Brisbane QLD, Australia, 24 December 2014 | AAP

At full tilt for her first proper pre-season in three years, Sam Stosur refuses to believe the sun has set on her chances of a coveted Australian Open title.

Despite tennis great John Newcombe, an avowed Stosur fan, fearing time was running out for the 30-year-old to add to her sole Grand Slam title, she’s staunchly preparing for a strong showing this summer.

It won’t be easy for Stosur after finishing 2014 outside the top-20 rankings for the first time in six years and starting 2015 at the notoriously difficult Brisbane International.

The Gold Coaster has never passed the second round at Pat Rafter Arena in the Queensland capital and this year will be at the mercy of the tough draw – featuring Maria Sharapova, Ana Ivanovic and Victoria Azarenka – after missing a seeding by one position.

But she remains upbeat after recovering well from the foot injury (torn plantar fascia) which ended her season early after grabbing a sixth career title at Osaka in October.

The world No.23 has regularly entered her Australian campaigns underdone following a string of niggles, plus ankle surgery in 2012, and ultimately failed to fire at Melbourne Park.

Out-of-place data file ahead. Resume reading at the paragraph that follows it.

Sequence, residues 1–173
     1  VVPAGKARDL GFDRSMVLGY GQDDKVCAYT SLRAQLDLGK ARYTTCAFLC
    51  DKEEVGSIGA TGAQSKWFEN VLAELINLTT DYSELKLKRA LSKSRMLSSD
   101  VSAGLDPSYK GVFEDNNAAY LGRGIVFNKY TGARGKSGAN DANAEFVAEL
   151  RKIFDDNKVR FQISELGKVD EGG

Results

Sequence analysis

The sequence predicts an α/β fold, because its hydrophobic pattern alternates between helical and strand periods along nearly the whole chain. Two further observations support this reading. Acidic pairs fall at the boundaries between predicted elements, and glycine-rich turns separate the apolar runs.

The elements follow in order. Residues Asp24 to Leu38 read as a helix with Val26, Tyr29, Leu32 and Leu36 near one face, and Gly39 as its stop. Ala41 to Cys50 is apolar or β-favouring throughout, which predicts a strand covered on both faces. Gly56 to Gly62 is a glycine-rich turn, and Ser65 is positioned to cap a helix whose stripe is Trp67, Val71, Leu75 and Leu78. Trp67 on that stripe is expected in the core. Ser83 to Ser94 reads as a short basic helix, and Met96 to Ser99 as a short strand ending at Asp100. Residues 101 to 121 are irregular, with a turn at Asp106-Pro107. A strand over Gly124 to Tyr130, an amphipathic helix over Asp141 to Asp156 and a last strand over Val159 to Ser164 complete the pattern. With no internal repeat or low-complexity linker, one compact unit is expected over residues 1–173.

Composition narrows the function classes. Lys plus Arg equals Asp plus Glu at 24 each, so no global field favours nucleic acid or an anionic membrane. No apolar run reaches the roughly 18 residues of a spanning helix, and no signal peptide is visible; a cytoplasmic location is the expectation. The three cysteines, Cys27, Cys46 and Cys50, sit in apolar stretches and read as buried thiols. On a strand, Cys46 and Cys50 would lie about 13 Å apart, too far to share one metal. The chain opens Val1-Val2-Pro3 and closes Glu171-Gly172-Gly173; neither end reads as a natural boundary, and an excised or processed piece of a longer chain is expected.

This time she’ll have more than a month of 100 per cent court movement under her belt before starting the summer in Brisbane.

She kicked off her moon-boot last month and has been able to get strength and speed back into her rejuvenated legs at the preferred rate.

“It’s given me a chance to get things going again and the last few weeks have been really good,” Stosur told AAP. “I’ve been able to hit a fair bit and play open court and move and do all those things.

“Everything has pretty much gone to plan.”

New coach Simon Rea, who replaced Miles Maclagan after Wimbledon, is highly confident a healthy, fit Stosur can return to the top of the women’s game.

The 2011 US Open champion certainly still thinks much like she has done as a top-10 player and won’t panic as she enters her twilight years.

“I know I’m not going to play tennis forever but who knows how many years I do have left,” she said on Monday.

“You don’t want to get stuck in that `oh jeez, do I have two left or four left or five?’ (attitude) and panic about that.

“I’ve got to go into (the year) playing the Australian Open and play well and do everything I want to do.

“I’ve got to approach it like any other tournament and I’m not going to get caught up in thinking it’s all coming to an end and this is my last chance.”